Delivering a global blueprint for smart cities
Richard Elliott, head of policy, partnerships and research at Manchester City Council, and Nick Chrissos, head of innovation and project delivery director at CityVerve, explain how the innovative ‘citizen-centred’ project aims to understand and tackle what matters to the city and its citizens. The concept of a smart city is nothing new – it’s been a source of fascination in pop culture for years. The idea of data powering a civic movement that changes the way citizens experience cities has always been admired. Imagining what a smart city could look like and deliver to its inhabitants is one thing. CityVerve is interested in making it a reality for the people of Manchester.
Led by Manchester City Council, CityVerve is the smart city Internet of Things demonstrator, which unifies the forces of 21 organisations from across the public, corporate, SME and academic worlds, to focus on ‘The Corridor’, in Manchester – where the city’s two universities, leading hospitals and business clusters are located – and create endless possibilities for the people that live and work there. Genuine appetite for collaboration across the public and private sectors, and a shared enthusiasm to redefine ‘smart’ in the sense of delivering a needs-driven, benefit-led and tech-enabled solution for the city is what brings CityVerve’s consortium together. The project is coupling some of the brightest minds and innovative uses of technologies, aiming to understand and tackle what matters to the city and its citizens.
With this in mind, CityVerve will deliver complementary services, which will allow our four key areas – transport and travel; health and social care; energy and environment; and culture and public realm – to work in tandem. For this to happen we had to make sure that genuine interest and enthusiasm to collaborate was rooted at the heart of the consortium. We wanted to go further than connecting smart objects within the city. This is why we grounded the project on a strong partnership that encourages organisations from both the public and private sectors to collaborate effectively. After all, what drives the city is its inhabitants. The CityVerve project isn’t about the streets, buildings or individual enterprises – it is about the people. This citizen-centered ‘bottom-up’ approach allows us to develop technologies that will capture the unique needs of Manchester and its citizens and have a real impact on the way people live, work, travel and play.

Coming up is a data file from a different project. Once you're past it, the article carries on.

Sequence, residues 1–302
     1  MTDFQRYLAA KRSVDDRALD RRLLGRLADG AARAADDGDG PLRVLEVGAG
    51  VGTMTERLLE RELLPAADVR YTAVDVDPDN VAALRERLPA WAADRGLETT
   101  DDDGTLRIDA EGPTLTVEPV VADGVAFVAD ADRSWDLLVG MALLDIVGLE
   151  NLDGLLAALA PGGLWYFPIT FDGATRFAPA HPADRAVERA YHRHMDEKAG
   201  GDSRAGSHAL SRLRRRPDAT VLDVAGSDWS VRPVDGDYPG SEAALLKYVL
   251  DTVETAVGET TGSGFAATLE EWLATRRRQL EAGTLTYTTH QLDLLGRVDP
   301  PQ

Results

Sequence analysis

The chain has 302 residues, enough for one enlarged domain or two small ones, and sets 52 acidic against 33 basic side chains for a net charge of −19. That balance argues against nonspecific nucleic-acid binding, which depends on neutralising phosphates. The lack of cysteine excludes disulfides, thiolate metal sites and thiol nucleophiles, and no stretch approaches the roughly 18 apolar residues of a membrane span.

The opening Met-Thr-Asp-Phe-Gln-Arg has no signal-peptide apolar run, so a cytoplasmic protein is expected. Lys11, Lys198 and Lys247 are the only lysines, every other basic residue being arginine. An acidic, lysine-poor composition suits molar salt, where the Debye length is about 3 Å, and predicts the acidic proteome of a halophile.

Over the next couple of years, we are planning to create and deliver a number of user cases, which will be implemented across the four key areas. Innovative implementations such as a connected bus stop that will allow citizens to ‘check-in’ to their location, and consequently alert bus operators of a demand for the service, are among the planned deployments of the project. Smart city projects from all around the world have undoubtedly demonstrated the potential of such technologies already. However, what we recognised as a common limitation is the way smart applications were linked together. With CityVerve, we want to break these silos and take a different approach. This is why, instead of trying to collect data from multiple platforms, we rely on what we call the ‘platform of platforms’ – a unifying layer, which works as a secure ‘catalogue’ that can unite and analyse the communication between the connected applications.
This platform enables an intelligent collection, interpretation and use of data that will truly connect a city like never before, encouraging both local communities and businesses to get involved. In essence, our open innovation platform will connect the unconnected to support better healthcare, transport and education, and more engaged and empowered citizens. We are only at the beginning of an exciting transformation, which will continue over the next two years. As new technology is implemented, we encourage more citizens and businesses to get involved in the CityVerve project and help the development of a smarter, innovative, inspiring city of Manchester.